Malawi was well on its way to being a success story. Under Dr. Hastings Banda’s thirty year dictatorship, people had been robbed of their rights and freedoms. Post 1994 was an era of promise and hope for the better. The winds of change blew away the old ways of a one party autocracy. By 1996 the constitution had been overhauled to include a bill of rights. The country’s institutional make up was designed to improve the rule of law, human rights and access to justice. Institutions like the Malawi Human Rights Commission were established. There was a spike in development, foreign investment and for a while, Malawi showed how democratic instincts with a human rights underpinning can lead to strides in democracy, development and economic growth.
But now Malawi’s best chances of success are being seriously foiled. Bad governance, corruption and impunity now mean that the people in Malawi are faced with acute fuel shortages, an escalating cost of living and an erosion of their constitutional rights. Naturally this has led to protests. People are out on the streets asking for improvement. The response has been as harsh as it has been disappointing.
The government has shown itself to be intolerant of criticism and dissent. Human rights defenders are especially vulnerable and are living in danger. Civil society activists, religious leaders, journalists, academics –in fact anyone calling for the state to uphold the rule of law and human rights, have in recent times, been subjected to death threats, harassment and excess use of force and unnecessary violence by state and ruling party agents. With entrenched impunity there is little accountability for abuse of state power.
This hostile environment has been brought to the attention of the African Commission of Human and Peoples Rights twice last year. Regional advocacy efforts culminated in a historical visit by the African Union Special Rapporteur on Human Rights Defenders. The Rapporteur- Ms. Reine Alapini-Gansou- came to Malawi in January for a workshop that commemorated thirty years of the African Charter of Human and Peoples Rights, by taking stock of the African human rights charter and reflecting on Malawi’s human rights performance.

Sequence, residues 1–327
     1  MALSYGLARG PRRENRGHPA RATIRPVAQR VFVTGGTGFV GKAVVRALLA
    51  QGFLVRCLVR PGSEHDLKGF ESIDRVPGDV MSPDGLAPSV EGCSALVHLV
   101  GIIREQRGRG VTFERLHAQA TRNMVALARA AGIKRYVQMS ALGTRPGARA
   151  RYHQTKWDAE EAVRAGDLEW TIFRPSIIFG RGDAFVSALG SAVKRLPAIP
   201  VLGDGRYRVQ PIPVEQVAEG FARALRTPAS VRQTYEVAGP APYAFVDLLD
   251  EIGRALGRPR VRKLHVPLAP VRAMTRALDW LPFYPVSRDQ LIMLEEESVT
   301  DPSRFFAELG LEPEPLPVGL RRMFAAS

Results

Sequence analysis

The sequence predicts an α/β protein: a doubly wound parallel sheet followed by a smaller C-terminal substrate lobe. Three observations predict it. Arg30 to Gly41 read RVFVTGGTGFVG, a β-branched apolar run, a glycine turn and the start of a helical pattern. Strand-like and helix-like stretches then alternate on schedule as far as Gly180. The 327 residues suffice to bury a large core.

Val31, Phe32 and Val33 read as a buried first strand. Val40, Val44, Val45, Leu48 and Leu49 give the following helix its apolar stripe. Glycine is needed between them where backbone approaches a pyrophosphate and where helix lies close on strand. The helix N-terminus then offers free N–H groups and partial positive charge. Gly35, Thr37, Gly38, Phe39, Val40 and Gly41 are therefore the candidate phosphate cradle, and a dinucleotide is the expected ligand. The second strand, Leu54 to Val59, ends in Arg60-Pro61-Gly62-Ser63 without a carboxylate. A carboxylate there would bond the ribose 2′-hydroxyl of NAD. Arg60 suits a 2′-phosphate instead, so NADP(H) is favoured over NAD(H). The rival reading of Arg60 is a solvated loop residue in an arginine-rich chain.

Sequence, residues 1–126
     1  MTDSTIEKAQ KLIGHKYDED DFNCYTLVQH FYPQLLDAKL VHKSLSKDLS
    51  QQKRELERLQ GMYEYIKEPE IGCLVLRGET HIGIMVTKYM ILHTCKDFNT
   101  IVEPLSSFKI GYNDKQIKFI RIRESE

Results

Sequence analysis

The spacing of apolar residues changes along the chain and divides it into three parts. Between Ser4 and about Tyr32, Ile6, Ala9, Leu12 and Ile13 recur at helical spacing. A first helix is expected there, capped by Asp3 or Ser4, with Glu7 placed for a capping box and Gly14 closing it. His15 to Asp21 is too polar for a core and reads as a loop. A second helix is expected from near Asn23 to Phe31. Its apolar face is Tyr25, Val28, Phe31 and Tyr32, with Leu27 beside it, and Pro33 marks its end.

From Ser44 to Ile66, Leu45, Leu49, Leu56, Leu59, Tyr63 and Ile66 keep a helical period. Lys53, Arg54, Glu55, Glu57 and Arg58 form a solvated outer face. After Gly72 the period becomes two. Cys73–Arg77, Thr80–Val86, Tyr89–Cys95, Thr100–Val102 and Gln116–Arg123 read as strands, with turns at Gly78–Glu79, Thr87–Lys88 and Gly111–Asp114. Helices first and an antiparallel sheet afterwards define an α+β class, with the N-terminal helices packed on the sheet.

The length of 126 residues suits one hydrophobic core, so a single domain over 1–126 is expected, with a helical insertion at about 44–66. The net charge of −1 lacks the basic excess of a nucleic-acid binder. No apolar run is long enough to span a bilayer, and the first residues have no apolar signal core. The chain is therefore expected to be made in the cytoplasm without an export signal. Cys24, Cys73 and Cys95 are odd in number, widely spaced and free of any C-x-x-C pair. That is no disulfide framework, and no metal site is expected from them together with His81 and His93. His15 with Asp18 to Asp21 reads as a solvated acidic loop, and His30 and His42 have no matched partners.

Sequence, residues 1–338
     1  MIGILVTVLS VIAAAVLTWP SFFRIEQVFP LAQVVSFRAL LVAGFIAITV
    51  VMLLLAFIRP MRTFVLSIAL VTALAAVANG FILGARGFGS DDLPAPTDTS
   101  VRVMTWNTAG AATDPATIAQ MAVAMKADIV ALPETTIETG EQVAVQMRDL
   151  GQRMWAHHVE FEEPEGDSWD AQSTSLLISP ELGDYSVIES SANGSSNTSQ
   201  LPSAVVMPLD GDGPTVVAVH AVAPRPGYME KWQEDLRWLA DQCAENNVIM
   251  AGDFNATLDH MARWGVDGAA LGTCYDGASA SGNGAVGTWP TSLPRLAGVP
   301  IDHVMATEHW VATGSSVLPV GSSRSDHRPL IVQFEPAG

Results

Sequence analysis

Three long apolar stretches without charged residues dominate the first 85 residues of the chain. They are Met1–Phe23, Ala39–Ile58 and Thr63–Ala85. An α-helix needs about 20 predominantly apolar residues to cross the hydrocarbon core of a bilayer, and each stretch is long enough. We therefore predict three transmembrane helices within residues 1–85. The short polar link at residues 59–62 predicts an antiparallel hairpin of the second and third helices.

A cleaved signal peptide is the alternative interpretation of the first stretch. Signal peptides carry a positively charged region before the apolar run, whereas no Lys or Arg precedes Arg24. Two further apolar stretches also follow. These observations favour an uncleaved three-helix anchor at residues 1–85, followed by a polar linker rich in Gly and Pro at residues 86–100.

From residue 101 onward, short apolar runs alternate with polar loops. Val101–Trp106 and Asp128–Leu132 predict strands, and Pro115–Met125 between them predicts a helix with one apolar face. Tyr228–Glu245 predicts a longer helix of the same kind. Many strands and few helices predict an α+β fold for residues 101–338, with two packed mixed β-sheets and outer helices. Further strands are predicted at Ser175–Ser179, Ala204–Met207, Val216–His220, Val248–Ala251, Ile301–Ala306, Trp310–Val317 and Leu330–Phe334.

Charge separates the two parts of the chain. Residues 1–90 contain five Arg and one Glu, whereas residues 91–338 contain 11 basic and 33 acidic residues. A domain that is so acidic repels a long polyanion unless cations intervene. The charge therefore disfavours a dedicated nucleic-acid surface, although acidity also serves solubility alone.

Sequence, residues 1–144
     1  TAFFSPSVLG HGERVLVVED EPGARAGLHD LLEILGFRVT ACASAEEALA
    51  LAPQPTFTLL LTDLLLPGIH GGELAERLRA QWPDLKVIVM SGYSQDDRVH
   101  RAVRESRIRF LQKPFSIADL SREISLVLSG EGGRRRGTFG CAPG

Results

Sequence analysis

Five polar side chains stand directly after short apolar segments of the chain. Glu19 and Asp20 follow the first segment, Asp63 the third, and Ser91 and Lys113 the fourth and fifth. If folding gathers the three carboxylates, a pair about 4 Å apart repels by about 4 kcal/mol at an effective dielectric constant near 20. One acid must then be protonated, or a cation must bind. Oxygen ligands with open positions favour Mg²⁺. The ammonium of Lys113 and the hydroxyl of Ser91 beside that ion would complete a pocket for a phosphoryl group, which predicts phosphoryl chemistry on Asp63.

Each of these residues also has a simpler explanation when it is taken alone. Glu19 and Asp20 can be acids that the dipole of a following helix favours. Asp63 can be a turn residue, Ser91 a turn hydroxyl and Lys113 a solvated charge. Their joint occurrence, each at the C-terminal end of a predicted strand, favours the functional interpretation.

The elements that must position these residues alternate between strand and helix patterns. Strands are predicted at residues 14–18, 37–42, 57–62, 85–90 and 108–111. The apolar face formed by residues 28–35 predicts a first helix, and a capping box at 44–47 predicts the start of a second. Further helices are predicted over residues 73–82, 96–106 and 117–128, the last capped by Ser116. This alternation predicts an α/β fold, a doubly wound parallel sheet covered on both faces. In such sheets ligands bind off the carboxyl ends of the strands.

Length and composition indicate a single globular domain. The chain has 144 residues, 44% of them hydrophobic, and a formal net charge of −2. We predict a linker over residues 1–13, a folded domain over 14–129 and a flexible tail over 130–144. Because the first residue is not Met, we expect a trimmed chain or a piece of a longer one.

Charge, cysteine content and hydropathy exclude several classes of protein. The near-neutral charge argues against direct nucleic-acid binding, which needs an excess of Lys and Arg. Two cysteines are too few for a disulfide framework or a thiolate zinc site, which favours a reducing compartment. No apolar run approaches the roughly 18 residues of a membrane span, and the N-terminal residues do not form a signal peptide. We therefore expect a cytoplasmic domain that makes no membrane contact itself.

In the event organised by the Centre for Human Rights and Rehabilitation (CHRR) in partnership with the Open Society Initiative for Southern Africa (OSISA), the Special Rapporteur engaged with human rights defenders in the country, recognised the valuable role they play and appealed for their protection.
An outcome of this workshop was a communiqué, endorsed by twenty human rights groups, which was presented to Ms. Reine Alapini-Gansou, who would then use it to petition governments at an African Union meeting in Addis Ababa.
The communiqué points to the unfavourable climate fostered by the “oppression of the media, suppression of the academic freedom, obstruction of the freedom of assembly and association, disregard of the court rulings with impunity, trivializing and disregarding of the minority rights, and promulgation of retrogressive pieces of legislation.”
The document appeals to the government to make the rights embedded in the national constitution a living reality and urge the government to implement human rights treaties that the state is a party to.
The call from human rights collectives to improve human rights compliance in accordance with the constitution may be received with irritation and seen as defiance. It may lead to further repression. Or more statesmanlike, it can be accepted as an invitation to start a process of dialogue and reconciliation; of talking, listening and acting together for the betterment of all. The government’s reaction to civil society’s calls will define whether Malawi takes a turn for the better or falls down the slippery slope of repression once again.
*Sanyu Awori, Consultant, Strategic Initiatives Programme, Commonwealth Human Rights Initiative